A common misconception is that if a physician has a mental disorder, they might not be able to care for their patients. Yet, the American Psychiatric Association says (PDF) there's no connection between a physician's mental illness and their ability to care for patients. "There's no evidence at all that physicians who have ever been treated for a mental health problem or are currently being treated for a mental health problem, that that puts patients at risk," Dyrbye explains. "There's a moral and ethical barrier here to lower barriers to care here for everybody in the population, but here's a unique barrier for physicians that we need to work on eliminating."

When a doctor receives treatment for mental illness, it helps both the patient and the doctor. "When physicians aren't terrified to go for help, then they can get help, then that keeps them healthy," Myers says. "And we've always [believed], those of us in psychiatry and those of us who work in physician health, that the easier you make it for a symptomatic physician to go for a treatment that works, the better off the physician is and the better off his or her patients are," he explained.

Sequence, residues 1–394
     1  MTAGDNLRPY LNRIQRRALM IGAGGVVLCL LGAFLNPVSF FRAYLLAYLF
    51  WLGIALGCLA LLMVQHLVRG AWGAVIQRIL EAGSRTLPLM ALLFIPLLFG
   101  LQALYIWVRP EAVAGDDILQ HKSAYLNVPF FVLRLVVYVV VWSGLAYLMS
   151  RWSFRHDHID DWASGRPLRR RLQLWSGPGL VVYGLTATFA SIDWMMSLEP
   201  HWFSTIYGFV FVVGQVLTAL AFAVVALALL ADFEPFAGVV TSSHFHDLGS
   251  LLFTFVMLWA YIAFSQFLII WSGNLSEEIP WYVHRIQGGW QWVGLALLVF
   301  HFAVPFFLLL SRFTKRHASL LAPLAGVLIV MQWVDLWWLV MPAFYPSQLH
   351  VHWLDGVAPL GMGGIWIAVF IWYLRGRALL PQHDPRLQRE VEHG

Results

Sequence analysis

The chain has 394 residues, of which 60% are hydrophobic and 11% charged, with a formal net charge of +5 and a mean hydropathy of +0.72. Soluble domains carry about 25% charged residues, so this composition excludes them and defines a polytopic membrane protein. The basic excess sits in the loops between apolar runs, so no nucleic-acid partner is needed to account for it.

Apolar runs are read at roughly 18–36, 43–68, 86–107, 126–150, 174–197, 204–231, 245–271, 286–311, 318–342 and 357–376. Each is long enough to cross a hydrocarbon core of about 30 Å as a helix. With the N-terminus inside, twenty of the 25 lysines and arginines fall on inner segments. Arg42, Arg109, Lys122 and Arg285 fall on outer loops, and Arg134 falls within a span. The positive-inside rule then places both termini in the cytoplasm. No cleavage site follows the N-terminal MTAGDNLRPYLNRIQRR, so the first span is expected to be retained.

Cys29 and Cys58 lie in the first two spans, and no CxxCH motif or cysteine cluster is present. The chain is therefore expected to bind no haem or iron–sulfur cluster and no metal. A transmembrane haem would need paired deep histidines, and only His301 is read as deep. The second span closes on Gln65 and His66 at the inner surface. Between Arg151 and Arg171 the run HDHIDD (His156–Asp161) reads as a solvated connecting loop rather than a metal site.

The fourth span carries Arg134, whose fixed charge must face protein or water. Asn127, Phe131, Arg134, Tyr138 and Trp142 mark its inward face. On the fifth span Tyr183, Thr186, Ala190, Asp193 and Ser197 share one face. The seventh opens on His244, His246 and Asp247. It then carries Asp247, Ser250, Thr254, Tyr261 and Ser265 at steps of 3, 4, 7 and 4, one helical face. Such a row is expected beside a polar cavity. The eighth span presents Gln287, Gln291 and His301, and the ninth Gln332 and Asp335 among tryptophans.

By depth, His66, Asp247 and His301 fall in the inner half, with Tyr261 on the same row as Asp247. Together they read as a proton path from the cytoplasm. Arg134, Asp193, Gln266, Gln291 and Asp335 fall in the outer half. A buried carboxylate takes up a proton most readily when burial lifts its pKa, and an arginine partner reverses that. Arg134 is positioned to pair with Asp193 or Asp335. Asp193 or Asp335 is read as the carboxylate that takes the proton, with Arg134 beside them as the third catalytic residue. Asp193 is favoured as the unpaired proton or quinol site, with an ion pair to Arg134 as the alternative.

Depending on how licensing questions are asked, they might actually violate federal law. The Federation of State Medical Boards advises against asking physicians about their mental health treatment because doing so might infringe the Americans with Disabilities Act, yet two-thirds of states still ask physicians questions regarding mental health.

But the American Psychiatric Association offers recommendations on how to ask these trickier questions in a way that doesn't violate the law and places more emphasis on the physician's ability to provide quality care. The organization advises asking the question: "Are currently suffering from any condition that impairs your judgment or that would otherwise adversely affect your ability to practice medicine in a competent, ethical and professional manner? (Yes/No)" Framing the question in this way gets to the more salient information.

Myers recommends that patients express concern for their doctors' mental health like they would for a friend. He says it's like the New York City subway mantra, "If you see something, say something." That may sound a little strange, but as Myers wrote in his book, Why Physicians Die by Suicide:

"If our doctor seems preoccupied, weary, downcast, or forgetful, we need to reach out, not intrusively but with affection. "Are you okay? You seem tired. Please take care of yourself. I care about you." This is no more than we would do for a friend or a colleague at work, and doesn't the physician who's been looking after our needs deserve the same kindness and courtesy?"

"I believe that very strongly," he says, "and I'm recommending to the general public out there if you are worried at all about your doctor say something."